Skip to content

Community Banks Miss Growth Opportunity in 2010

May 17, 2011

Last year free checking disapeared in 13.6 percent of the Wall Street banks, leaving  about half with free checking services – according to the research firm Moebs Services.  Clearly large banks were struggling in 2010, and some may argue that community banks and credit unions did not fully capitalize on the opportunity.

“There are 130,000,000 consumer checking accounts in the United States. In 2009, large Wall Street and Regional Banks with deposits over $50 billion enjoyed about 45 percent of this market. About five million accounts in 2010 shifted from large banks to community banks and credit unions.” – iStockAnalyst article (see below)

Just by offering free checking, many customers are migrating to smaller institutions.  What can these institutions do to attract more consumers?

Will these same individuals be saying the same thing about 2011?

“By the end of this year, we expect community banks and credit unions will have 65 percent of the checking account market. To paraphrase Mark Twain, ‘the death of free checking has been greatly exaggerated,’” said Moebs. “From July 2010 to February 2011, community banks offering free checking increased by one percent and by nine percent at credit unions.”

May I suggest to community banks and credit unions to spend the marketing dollars required to advertise free checking.  The opportunity is ripe to attract the bigger bank consumers.  I can certainly understand that budgets are tight right now and that many can not justify spending extra marketing dollars for this initiative.  One way to clear up extra money in the budget is to outsource your workforce optimization efforts.  By properly staffing the right number of tellers at the right time throughout your branch network, you can save up to $30,000 per branch, per year.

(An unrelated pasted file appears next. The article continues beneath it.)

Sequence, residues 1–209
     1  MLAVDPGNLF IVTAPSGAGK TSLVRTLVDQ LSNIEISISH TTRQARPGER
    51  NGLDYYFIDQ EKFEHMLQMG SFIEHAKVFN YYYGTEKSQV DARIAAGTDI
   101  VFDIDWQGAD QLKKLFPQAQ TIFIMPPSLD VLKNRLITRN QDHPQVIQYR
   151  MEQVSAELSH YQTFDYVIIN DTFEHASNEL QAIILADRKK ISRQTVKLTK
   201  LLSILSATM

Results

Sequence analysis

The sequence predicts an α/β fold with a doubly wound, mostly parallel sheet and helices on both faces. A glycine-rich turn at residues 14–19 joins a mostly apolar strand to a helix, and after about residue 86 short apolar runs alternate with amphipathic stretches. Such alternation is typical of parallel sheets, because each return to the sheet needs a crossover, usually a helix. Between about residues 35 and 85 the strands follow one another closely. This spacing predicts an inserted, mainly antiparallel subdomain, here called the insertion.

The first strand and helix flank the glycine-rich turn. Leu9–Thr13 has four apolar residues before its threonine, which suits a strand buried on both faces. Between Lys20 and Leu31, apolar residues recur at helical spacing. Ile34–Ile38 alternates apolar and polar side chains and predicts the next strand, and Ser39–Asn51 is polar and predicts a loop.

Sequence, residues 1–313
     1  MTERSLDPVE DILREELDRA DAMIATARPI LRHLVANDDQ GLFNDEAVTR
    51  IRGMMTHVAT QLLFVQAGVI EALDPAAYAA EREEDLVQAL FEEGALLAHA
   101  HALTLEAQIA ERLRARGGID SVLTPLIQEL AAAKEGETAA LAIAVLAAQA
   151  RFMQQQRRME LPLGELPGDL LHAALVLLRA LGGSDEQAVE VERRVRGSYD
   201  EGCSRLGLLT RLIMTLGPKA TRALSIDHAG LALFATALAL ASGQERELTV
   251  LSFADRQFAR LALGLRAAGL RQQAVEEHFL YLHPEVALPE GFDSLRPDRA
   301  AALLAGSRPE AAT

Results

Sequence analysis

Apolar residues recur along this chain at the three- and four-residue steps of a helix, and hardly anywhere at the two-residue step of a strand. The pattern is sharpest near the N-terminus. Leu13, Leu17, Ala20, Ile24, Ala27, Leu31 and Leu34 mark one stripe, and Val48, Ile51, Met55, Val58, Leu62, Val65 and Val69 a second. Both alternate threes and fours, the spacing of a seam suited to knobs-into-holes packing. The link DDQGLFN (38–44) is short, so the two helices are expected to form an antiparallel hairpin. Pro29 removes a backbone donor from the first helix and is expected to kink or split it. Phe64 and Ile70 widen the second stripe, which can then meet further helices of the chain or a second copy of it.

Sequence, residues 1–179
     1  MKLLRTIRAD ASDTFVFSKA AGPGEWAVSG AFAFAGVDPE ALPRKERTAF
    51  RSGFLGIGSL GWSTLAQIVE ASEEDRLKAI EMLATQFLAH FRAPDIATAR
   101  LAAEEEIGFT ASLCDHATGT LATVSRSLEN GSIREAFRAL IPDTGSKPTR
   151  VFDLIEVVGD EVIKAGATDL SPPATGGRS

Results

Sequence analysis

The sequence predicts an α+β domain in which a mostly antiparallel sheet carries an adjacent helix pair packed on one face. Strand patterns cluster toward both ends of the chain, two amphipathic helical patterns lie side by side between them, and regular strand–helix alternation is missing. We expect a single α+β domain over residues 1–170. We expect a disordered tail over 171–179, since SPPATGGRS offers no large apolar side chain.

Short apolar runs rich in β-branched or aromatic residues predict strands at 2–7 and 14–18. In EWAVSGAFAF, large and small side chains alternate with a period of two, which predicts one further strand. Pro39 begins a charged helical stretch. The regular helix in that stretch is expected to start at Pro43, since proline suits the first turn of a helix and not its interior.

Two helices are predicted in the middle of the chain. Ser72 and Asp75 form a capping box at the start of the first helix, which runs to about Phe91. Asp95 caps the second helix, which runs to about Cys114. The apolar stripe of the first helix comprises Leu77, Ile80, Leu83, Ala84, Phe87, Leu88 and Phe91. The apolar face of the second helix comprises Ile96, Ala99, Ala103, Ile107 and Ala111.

Excerpts taken from the iStockAnalyst.com article Wall Street Banks Continue to Drop Free Checking, Lose Market Share to Main Street Institutions

No comments yet

Leave a Reply

Fill in your details below or click an icon to log in:

WordPress.com Logo

You are commenting using your WordPress.com account. Log Out / Change )

Twitter picture

You are commenting using your Twitter account. Log Out / Change )

Facebook photo

You are commenting using your Facebook account. Log Out / Change )

Google+ photo

You are commenting using your Google+ account. Log Out / Change )

Connecting to %s

%d bloggers like this: